President Trump's troubles grew last week with theshowing Donald Trump Jr. arranging a meeting with a Russian lawyer in 2016 in hopes of collecting damaging information about Hillary Clinton.
, a member of Mr. Trump's legal team and chief counsel at the American Center for Law and Justice, joined "Face the Nation" Sunday. He discussed Trump Jr.'s meeting, and whether or not the president was aware of it.
What follows is a transcript of the interview with Sekulow, which aired Sunday, July 16, 2017, on "Face the Nation."
JOHN DICKERSON: Welcome back to "Face the Nation." Joining us now is Jay Sekulow, who is on the president's legal team. And he's also chief counsel at the American Center for Law and Justice. Mr. Sekulow, I want to start with this meeting with the president's son. The president said he didn't know about it. Are you confident that the president knows everything about all the meetings his son may or may not have had with any Russians?
JAY SEKULOW: Well, I know this. The president was not aware about this meeting, did not participate in this meeting. As far as other meetings go, look, the president has said that he was not aware of it, wasn't involved in it. And there's been no indication otherwise. So when you say, "Other meetings that took place," I'm sure they had conversations during the course of a campaign about meetings that were relevant to some kind of determination.
But this one was not. Not every- Most meetings were never discussed with the president. I mean, that's - that's normally how these go. So the president was campaigning. His staff was having meetings. And the president was not made aware of this nor participated in this meeting.
JOHN DICKERSON: Is it possible as the president's lawyer to say the president knows of no other meetings with his campaign staff and Russians?
JAY SEKULOW: Yeah the president told me- I'm not going- Obviously the president has been very clear on that. He said he has- had no meetings, was aware of no meetings with Russians, was not aware of this one until really right before it all broke. And that's what the president said. And in fact there's been no information to the contrary. So he's been very clear on that.
JOHN DICKERSON: What would be the best thing as far as the for the president's- As the president's lawyer, what would be the best thing that his son could do in terms of answering questions about this meeting?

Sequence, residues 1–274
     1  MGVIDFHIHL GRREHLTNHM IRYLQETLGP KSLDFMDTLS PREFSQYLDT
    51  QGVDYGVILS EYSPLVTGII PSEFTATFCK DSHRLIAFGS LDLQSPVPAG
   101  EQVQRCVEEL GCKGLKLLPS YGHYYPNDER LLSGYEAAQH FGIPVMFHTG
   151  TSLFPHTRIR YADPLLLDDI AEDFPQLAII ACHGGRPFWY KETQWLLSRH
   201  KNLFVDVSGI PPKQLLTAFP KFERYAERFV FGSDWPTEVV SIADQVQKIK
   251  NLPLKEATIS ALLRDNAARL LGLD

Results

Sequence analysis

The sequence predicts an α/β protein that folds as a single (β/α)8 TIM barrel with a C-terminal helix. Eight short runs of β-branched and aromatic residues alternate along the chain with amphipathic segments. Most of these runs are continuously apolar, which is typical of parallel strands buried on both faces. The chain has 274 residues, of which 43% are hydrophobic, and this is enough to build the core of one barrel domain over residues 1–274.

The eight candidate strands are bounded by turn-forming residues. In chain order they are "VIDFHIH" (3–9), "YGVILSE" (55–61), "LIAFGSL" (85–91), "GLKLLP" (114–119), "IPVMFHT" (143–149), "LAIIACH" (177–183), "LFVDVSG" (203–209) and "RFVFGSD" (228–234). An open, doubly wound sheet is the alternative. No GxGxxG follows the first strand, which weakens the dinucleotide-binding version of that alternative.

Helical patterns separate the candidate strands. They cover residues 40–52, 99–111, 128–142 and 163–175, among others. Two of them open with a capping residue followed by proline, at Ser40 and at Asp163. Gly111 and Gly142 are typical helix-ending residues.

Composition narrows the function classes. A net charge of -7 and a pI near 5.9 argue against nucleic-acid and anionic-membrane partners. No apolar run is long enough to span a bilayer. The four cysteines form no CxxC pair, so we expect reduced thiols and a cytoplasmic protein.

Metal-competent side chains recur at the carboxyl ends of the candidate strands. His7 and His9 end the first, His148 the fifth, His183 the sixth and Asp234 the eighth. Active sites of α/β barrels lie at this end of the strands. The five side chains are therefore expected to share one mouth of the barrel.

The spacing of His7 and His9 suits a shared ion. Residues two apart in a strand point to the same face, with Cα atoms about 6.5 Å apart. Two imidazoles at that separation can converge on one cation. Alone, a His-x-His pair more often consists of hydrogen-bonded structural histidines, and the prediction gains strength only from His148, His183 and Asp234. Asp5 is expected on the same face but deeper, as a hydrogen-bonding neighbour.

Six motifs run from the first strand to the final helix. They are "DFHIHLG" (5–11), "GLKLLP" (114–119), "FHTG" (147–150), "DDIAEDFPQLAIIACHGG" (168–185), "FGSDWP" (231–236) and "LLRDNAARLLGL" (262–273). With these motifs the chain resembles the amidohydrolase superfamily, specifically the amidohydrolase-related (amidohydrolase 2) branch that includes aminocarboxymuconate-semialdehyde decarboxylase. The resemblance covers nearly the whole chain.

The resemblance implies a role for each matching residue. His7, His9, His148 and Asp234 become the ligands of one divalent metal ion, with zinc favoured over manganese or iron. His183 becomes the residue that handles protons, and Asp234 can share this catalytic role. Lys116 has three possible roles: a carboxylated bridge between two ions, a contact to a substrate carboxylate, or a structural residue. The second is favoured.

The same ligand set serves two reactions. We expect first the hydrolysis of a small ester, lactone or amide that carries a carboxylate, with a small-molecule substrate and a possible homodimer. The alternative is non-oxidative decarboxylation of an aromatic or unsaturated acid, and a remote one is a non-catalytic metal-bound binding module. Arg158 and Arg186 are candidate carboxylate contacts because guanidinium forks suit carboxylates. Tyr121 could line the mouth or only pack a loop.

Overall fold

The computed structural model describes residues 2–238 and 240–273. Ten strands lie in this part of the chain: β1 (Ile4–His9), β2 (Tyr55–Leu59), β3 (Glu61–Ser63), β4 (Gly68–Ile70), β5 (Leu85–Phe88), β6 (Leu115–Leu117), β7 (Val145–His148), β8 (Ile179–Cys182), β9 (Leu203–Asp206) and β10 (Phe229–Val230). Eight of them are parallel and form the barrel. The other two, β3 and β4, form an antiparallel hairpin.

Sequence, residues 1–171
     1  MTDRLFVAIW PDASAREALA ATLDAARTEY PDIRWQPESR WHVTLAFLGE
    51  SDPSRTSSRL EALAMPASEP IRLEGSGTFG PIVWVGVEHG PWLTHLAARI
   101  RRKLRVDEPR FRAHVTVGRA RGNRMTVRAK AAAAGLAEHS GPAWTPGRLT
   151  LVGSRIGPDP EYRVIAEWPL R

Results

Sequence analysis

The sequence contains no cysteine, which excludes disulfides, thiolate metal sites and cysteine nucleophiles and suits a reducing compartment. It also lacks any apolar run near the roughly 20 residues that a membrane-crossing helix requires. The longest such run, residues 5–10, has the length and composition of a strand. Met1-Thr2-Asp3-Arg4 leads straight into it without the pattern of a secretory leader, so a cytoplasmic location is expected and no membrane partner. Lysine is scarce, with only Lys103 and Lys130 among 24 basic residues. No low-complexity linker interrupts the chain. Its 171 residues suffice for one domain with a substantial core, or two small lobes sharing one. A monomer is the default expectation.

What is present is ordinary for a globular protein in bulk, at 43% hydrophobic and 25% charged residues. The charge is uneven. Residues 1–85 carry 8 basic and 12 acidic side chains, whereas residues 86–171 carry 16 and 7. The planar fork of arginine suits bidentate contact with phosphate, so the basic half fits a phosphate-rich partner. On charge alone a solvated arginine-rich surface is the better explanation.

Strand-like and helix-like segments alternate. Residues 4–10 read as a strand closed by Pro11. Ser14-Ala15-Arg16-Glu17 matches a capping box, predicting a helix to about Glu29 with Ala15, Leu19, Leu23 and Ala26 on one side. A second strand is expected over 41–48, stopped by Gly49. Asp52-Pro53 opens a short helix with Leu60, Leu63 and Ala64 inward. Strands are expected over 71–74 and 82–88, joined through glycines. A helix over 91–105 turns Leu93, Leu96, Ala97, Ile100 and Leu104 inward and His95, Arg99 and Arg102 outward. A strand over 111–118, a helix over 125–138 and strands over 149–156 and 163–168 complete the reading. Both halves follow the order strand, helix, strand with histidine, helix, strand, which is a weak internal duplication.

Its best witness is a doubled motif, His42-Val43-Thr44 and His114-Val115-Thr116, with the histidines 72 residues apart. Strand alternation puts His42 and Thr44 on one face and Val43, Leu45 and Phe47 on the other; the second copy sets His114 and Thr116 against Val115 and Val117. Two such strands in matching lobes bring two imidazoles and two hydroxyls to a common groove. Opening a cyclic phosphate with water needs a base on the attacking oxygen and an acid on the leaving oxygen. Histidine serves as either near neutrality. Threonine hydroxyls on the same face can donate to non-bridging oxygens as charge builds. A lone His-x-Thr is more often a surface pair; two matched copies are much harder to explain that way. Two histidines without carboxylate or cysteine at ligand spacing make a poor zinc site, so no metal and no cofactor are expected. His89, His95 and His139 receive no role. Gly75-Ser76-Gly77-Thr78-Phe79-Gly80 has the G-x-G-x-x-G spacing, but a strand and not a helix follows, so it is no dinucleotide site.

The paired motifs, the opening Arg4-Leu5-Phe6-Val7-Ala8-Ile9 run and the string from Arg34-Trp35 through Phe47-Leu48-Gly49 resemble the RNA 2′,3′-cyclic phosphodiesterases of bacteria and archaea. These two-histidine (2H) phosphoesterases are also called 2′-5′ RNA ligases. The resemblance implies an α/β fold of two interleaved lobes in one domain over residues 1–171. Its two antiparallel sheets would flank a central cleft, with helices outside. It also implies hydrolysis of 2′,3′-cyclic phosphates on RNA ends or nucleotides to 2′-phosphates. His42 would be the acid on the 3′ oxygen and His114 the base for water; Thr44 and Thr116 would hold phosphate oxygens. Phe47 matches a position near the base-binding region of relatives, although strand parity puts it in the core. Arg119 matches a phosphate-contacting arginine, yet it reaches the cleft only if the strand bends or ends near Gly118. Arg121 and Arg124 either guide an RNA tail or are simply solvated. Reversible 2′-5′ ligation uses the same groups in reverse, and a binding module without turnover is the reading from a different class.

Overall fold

JAY SEKULOW: Well, I think he did it. When - Donald Trump Jr. did it when he went on Sean Hannity. Look, he released all of the emails, including the entire chain of emails. So that was a lot. And then he went on and explained what happened at the meeting, discussed the - the nature of the meeting, that it was not based on- it was supposed to be about opposition research and ended up not being on that.
The individual -the individuals that were involved in the meeting ended up going right down to Washington to still lobby on the Magnitsky Act and that whole issue of Russian sanctions. So, again, it was kind of- the meeting was under a false pretense in a sense. And I think he was very clear. Donald Trump Jr. answered questions and said he would continue to if needed to.
JOHN DICKERSON: Would it- And so would it help the president's case if he testified in front of the Senate Intelligence Committee and others who's asked for him to testify?
JAY SEKULOW: Well that, well, look. That's a conversation that would take place between Donald Trump Jr. and his lawyer. He said he's willing to talk about it. He's willing to testify. I'm not going to get into particulars of what that testimony would - would be involved. I'm not his lawyer.
JOHN DICKERSON: Do you- The AP is reporting that the lobbyist who was in the meeting said that the president's son was given a portfolio of information. Do you know anything about that?